The bullying of one of Italy’s most respected writers by Giorgia Meloni and Matteo Salvini is an assault on press freedom
Italy’s draconian defamation laws have long been exploited by the powerful to intimidate and silence troublesome voices. Each year, thousands of proceedings are launched against investigative journalists, and the country’s constitutional court has urged much-needed reform to protect freedom of expression and the independence of the press.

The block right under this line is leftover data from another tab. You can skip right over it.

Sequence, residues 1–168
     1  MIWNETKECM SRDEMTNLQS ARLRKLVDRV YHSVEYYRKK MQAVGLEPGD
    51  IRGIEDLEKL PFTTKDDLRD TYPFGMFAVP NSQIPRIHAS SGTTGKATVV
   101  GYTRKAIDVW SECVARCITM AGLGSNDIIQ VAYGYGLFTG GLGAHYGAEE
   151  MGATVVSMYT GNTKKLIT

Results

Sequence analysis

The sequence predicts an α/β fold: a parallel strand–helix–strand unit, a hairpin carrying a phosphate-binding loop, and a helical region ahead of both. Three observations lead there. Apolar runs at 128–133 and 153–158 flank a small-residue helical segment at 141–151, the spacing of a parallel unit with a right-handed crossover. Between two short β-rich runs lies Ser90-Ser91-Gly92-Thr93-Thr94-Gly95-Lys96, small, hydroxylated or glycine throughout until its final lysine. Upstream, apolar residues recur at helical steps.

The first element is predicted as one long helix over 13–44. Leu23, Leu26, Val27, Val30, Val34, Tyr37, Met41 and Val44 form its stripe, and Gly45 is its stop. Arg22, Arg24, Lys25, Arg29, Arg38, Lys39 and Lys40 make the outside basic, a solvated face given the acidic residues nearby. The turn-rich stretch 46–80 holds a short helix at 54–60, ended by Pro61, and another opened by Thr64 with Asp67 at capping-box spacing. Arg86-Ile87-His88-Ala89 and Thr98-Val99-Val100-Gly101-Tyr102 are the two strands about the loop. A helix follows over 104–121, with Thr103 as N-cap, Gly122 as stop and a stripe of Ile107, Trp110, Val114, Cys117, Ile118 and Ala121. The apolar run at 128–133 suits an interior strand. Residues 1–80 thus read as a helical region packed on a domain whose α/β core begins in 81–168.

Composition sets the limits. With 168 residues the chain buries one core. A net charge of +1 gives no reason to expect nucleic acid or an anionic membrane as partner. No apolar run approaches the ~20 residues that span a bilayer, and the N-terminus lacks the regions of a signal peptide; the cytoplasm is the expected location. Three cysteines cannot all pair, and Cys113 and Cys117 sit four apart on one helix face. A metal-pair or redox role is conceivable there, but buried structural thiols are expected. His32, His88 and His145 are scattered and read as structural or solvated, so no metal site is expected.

The outrageous bullying of Roberto Saviano, one of Italy’s best-known writers, illustrates why such action is long overdue. Mr Saviano has just gone on trial, and risks a prison sentence, having been accused of criminal defamation by Italy’s new prime minister, Giorgia Meloni. The case relates to comments made during a television show two years ago, when he condemned Ms Meloni’s campaign as an opposition leader to prevent NGO boats rescuing refugees in the Mediterranean. In an emotional response to footage of a grieving mother, whose baby had died when a migrant dinghy capsized, Mr Saviano described Ms Meloni and her ally on the radical right, Matteo Salvini, as “bastards”. Concurrently he faces separate defamation lawsuits brought by Mr Salvini, now deputy prime minister, and Gennaro Sangiuliano, the culture minister, both of which will come to court next year. Last week, Mr Salvini asked to be also included as a plaintiff in the case brought by Ms Meloni, which is due to resume next month.